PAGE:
Virginia Gathercole

Virginia Müller Gathercole is a Professor at the School of Psychology at the University of Wales Bangor. She is a specialist in bilingualism in very young children. Her main research in language acquisition was for monolinguals but she also studied some bilinguals (Spanish/English in Miami and Welsh/English).

Virginia came to talk to our group on 22nd April 2006, and investigated the following question: Is language acquisition similar or different between the monolinguals and the bilinguals?

The language is a system that has many components:

  • Sounds – phonetics
  • Grouping of sounds. The grouping is done differently amongst the languages – phonology
  • Minimal unit of meaning – morphology
  • Longer unit of meaning – syntax
  • semantics

The 5 steps above are an abstract way of splitting the language system. The language allows knowledge of the world – cognition, and has social settings. A child learns a language by figuring out the language system and the acquisition follows 5 principles:

Principle 1:

Acquisition piece by piece: The child learns a word within a specific context. For example, when he sees a vehicle through the window, he may say “car”. However, when he sees the same vehicle while in the street, he may not say “car”.

Principle 2:

The acquisition is in a context before abstracting common elements and applying them to other context or words. He learns the verbs “talked”, “walked”, “loved” and later he realises that he can make “watched".

Principle 3:

Emergence of a structure from the accumulated knowledge.

  • Attention is paid to the shape of the things and the name of the things.
  • “-ed” used to indicate an action in the past and application to other verbs that were initially used.

Slowly, the child builds up a system.

Principle 4:

Influence of the language being learned on timing/sequence of acquisition. Simple structures of the verbs are learned first. Then the complex structures of the verb forms are learned.

For example:

Hablar (to speak)

Hablo, habla-s, habla, habla-mos, habla-eis, habla-n.

For Spanish children, “habla” (he speaks) is easier to learn. The other forms are more complex.

To speak

I speak, you speak, he speak-s, we speak, you speak, they speak.

For English children, “speak” is easier to learn. “he speaks” is a more complex structure.

Another example:

The grammatical gender is transparent is Spanish. “a” indicates a feminine gender. “o” indicates a masculine gender. The Spanish children have learned this principle by the time they are 2 years old.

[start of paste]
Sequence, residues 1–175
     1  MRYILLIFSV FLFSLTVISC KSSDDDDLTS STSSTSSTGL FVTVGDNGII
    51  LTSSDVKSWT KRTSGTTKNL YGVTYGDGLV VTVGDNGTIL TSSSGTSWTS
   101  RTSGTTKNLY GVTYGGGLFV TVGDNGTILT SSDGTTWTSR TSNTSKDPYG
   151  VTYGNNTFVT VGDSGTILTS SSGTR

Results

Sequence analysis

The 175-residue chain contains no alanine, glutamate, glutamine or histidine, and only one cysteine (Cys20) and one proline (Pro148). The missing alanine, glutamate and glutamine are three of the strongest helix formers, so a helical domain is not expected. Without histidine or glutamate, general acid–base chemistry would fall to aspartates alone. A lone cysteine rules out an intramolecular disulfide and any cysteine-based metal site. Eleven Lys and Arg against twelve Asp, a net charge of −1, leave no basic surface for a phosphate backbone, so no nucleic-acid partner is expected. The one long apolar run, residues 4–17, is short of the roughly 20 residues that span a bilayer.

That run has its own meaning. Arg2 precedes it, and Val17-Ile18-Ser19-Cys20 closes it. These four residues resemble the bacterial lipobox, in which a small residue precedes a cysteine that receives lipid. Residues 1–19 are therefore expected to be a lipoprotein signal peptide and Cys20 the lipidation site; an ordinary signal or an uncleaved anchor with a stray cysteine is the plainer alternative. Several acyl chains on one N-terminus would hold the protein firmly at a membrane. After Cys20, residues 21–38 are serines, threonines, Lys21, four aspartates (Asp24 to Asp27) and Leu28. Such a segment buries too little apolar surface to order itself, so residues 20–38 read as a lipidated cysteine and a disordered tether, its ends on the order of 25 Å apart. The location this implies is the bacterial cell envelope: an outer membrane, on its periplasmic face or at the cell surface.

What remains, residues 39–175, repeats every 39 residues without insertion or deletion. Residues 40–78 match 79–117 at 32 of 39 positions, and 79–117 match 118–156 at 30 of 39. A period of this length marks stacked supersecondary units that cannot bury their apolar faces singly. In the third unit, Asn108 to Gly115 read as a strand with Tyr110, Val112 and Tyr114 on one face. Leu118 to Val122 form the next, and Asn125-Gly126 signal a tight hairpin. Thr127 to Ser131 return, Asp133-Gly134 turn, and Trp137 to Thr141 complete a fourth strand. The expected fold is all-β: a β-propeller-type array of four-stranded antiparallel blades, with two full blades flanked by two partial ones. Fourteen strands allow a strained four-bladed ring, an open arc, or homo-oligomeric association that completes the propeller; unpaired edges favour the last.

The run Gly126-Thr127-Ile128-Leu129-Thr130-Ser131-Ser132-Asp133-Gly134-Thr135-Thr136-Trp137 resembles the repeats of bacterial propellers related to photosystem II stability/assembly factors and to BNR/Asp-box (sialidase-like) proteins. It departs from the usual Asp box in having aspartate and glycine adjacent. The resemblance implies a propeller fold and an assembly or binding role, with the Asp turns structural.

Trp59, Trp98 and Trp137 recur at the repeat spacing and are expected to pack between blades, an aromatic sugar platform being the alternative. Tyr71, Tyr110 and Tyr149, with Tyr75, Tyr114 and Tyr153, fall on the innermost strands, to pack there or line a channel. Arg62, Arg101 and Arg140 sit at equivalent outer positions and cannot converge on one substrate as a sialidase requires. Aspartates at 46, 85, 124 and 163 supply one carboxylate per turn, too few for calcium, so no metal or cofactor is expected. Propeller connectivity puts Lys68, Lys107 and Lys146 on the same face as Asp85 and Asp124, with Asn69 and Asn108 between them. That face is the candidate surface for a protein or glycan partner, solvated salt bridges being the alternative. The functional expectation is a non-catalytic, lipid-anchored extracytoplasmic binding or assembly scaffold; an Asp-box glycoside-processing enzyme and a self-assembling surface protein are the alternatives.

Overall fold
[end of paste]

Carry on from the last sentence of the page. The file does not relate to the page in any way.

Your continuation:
In Welsh, the grammatical gender is more complex. The Welsh speaking children master this principle when they are much older, around 10 years old.

Principle 5:

Exposure to the language for timing/speed of development.

There is a critical mass of input data to the acquisition of the language. The more the child is exposed to the language the faster the child can reach the critical mass of knowledge.

BUT the exposure with complexity and cognitively is more relevant.

The exposure to the languages can delay initially the development of the bilingual structures. The child needs more time to get to the critical mass.

The emergence of the structure of the language comes from the accumulated knowledge.

Monolinguals and bilinguals learn the simple forms first and the more complex forms of the language later.

The child has the innate abilities to learn the first 3 principles. The 5th principle is only under the influence of the input of the learned language, i.e. it is up to the parents/environment for the child to learn the language.

In conclusion, a child learns a language, they are not taught the language. By using an analogy, the language is the food. The parents/environment provides the food and the child grows up.

The monolinguals end up learning one language. The bilinguals end up learning 2 languages.

Ginny gave an example supporting the conceptual abilities of the bilinguals children.

The bilinguals are better than monolinguals at discarding irrelevant information.

Monolinguals and bilinguals were tested when performing 2 tasks.

There were triangles and squares. There were some blue and red triangles. There were some blue and red squares.

They were told to put all the blues on one side and all the reds on another side. Both monolinguals and bilinguals did the task easily

Then they were asked to put all the triangles on one sides and all the reds on another sides. It was found the bilinguals were better at this task. They did better because they are accustomed to block out the irrelevant information. They are accustomed to switching, like switching between their 2 languages.


Esmee Faribarn